LitLink

This is a course blog for the members of EH236 at the University of South Alabama, Spring 2006.

Sunday, March 05, 2006

Frankenstein and the machine

After doing a slight bit of research, I have found that Mary Shelley composed Frankenstein when Europe was going through a very important revolution. The 18th century was a time of mass production due to the Industrial Revolution in England. It is hard for me to imagine a time where things were rural. I know I live in Alabama, but I still depend on important commodities that come from machines. However, I think it must have been scary for those who were used to life in the slow lane to see their world slowly change to move at a more rapid pace. It is no wonder, then, why Mary Shelley wrote Frankenstein with what seems like such an emphasis on machine vs. man.

When Dr. Victor Frankenstein begins his quest to make life, he seems more than excited to begin this journey. He writes, “I seemed to have lost all soul or sensation but for this one persuit”(52).He lives to give the body a life. He works for nearly two years for “the sole purpose of infusing life into an inanimate body”(56). His initial reaction to the monster he has created is not excited at all, in fact, he writes that “no mortal could support the horror of that countenance”(57). This is a story of a man who begins with the best of intentions, but ends up giving life to a machine that is no good. I bet that Mary Shelley and some of her friends might have felt the same way about the Industrial Revolution. I think it’s interesting how she pays special attention to the fact that Doctor Frankenstein does not really eat or sleep, or do much of the necessary functions of human life except work on this machine, with the hopes that he can invent something truly his own-- and influence mankind. This sounds much like what the creators of a new type of machine might look like. I am sure they eat and sleep, but they do live for the sole purpose of the hope of a new invention-- for the glory and to influence mankind.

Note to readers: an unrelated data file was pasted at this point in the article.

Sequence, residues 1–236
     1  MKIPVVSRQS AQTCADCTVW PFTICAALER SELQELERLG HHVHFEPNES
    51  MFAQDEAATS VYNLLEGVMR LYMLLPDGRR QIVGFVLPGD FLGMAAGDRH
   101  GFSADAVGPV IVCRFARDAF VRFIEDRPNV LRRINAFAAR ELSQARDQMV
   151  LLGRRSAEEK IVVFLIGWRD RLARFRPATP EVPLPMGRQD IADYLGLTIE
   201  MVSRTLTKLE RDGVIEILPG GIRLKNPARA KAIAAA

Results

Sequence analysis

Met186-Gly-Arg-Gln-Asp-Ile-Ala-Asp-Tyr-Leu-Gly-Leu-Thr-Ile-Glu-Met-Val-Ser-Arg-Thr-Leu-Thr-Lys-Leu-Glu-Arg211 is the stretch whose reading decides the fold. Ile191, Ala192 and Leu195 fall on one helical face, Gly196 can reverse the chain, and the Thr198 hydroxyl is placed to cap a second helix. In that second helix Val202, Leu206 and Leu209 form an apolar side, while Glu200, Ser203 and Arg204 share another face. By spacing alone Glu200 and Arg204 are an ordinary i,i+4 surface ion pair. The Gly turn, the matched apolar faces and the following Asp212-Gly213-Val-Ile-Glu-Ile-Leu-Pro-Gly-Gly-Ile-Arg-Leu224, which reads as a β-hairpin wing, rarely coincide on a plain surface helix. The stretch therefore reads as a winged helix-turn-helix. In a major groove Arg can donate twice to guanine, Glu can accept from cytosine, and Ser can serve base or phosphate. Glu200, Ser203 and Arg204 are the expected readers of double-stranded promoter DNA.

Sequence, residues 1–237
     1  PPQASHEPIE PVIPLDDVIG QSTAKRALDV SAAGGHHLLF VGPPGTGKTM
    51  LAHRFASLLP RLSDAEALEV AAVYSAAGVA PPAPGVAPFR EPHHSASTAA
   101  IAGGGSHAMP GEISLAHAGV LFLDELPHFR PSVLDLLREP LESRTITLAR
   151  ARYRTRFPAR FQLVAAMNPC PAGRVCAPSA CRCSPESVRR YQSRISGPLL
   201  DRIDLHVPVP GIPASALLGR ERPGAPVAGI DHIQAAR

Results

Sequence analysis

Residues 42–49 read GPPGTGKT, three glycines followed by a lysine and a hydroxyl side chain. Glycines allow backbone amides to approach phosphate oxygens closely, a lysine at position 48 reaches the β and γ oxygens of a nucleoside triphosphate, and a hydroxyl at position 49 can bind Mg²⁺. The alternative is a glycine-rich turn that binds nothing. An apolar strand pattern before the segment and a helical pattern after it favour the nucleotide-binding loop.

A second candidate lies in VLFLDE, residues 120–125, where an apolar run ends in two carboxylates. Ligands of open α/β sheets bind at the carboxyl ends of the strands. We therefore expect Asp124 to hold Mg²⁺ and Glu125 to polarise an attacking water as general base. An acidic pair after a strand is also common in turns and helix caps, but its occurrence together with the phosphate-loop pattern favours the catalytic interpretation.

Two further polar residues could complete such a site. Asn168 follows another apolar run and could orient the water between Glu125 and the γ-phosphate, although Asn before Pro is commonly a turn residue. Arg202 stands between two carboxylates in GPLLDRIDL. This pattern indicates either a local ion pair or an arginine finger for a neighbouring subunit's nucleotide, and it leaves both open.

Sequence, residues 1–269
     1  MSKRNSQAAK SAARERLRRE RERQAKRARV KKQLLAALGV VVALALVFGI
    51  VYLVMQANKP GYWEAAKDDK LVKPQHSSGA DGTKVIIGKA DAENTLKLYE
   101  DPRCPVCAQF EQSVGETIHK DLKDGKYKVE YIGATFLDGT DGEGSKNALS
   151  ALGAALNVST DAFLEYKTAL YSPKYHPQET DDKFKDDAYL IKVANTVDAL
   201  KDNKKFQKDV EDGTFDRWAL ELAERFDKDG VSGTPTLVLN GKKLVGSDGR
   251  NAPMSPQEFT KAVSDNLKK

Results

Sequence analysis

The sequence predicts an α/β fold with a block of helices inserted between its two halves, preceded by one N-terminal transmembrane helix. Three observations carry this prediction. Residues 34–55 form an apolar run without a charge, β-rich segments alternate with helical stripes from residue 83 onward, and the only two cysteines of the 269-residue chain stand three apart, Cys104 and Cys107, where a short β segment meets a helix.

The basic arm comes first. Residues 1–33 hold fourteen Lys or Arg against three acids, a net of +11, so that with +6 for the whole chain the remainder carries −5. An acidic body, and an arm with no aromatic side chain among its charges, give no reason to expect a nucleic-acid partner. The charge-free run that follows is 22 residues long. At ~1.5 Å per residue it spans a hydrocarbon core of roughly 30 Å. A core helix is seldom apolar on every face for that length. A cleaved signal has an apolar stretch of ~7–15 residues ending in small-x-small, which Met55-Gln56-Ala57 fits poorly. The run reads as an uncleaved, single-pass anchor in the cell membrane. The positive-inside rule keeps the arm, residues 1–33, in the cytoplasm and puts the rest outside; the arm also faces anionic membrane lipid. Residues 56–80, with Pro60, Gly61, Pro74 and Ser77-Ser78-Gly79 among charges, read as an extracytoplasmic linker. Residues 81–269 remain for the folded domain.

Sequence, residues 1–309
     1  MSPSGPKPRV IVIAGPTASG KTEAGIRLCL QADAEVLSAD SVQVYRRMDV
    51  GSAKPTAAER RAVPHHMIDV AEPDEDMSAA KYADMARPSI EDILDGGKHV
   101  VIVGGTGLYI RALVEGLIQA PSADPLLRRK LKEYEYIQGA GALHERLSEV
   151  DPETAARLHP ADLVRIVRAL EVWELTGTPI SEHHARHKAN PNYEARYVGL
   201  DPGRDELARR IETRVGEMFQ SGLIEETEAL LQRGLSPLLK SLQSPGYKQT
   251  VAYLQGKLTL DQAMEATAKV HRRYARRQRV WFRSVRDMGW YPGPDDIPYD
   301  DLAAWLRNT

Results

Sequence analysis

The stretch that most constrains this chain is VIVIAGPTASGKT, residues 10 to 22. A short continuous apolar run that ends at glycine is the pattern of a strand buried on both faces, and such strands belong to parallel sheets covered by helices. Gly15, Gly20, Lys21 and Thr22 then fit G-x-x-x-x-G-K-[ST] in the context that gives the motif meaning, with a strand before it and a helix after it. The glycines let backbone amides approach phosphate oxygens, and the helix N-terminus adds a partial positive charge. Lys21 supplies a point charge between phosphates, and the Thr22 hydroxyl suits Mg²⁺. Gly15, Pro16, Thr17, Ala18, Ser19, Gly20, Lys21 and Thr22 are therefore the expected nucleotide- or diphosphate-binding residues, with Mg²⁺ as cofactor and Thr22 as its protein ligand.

Dr. Frankenstein ignores his creation completely. He sleeps and tries to forget about it. The creation escapes and Frankenstein seems more relieved than worried. Two years pass and it is not until his brother, William, is killed by the monster that reality hits. He writes about his anguish by saying “Alas! I had turned lose into the world a depraved wretch, whose delight was in carnage and misery…”(81). In essence, he created a monster to harm mankind instead of helping them. While this might seem like an off statement to those who live in this era, I am sure many living in the 18th century felt this way about the Industrial Revolution. Sure, man put a lot of idea into the machinery, putting “life” into it-- so it could do things on it’s “own”…but would it help civilization or make it worse? Would it kill the human spirit? Would it control us and put us in fear? I find myself wondering these same things about newer technologies. I wonder sometimes if the inventors of myspace, for example, knew that they would create something that pedophiles could creep their way into and kill the innocence of so many. Sure, they had good intentions, but now their creation has taken on a life of its own. I believe Mary Shelley was right on when she wrote this novel because the unknown is scary and just because something is more technically advanced, it doesn’t mean that it is necessarily good for mankind.

0 Comments:

Post a Comment

Links to this post:

Create a Link

<< Home